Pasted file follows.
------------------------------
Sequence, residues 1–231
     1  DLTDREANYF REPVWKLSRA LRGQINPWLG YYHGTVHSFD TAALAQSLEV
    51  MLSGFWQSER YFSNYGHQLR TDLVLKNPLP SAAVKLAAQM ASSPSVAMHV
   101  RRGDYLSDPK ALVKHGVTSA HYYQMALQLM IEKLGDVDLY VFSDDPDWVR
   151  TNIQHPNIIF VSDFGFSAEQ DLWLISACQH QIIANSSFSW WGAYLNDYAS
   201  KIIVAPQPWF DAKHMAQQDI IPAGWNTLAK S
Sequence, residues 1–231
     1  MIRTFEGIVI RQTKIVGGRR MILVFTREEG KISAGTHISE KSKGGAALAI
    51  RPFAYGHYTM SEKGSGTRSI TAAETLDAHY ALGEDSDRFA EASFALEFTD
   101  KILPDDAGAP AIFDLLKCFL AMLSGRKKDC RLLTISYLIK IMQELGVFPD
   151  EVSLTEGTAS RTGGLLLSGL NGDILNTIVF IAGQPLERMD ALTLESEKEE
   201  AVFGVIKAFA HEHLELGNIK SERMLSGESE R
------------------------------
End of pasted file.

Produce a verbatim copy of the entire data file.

Sequence, residues 1–231
     1  DLTDREANYF REPVWKLSRA LRGQINPWLG YYHGTVHSFD TAALAQSLEV
    51  MLSGFWQSER YFSNYGHQLR TDLVLKNPLP SAAVKLAAQM ASSPSVAMHV
   101  RRGDYLSDPK ALVKHGVTSA HYYQMALQLM IEKLGDVDLY VFSDDPDWVR
   151  TNIQHPNIIF VSDFGFSAEQ DLWLISACQH QIIANSSFSW WGAYLNDYAS
   201  KIIVAPQPWF DAKHMAQQDI IPAGWNTLAK S
Sequence, residues 1–231
     1  MIRTFEGIVI RQTKIVGGRR MILVFTREEG KISAGTHISE KSKGGAALAI
    51  RPFAYGHYTM SEKGSGTRSI TAAETLDAHY ALGEDSDRFA EASFALEFTD
   101  KILPDDAGAP AIFDLLKCFL AMLSGRKKDC RLLTISYLIK IMQELGVFPD
   151  EVSLTEGTAS RTGGLLLSGL NGDILNTIVF IAGQPLERMD ALTLESEKEE
   201  AVFGVIKAFA HEHLELGNIK SERMLSGESE R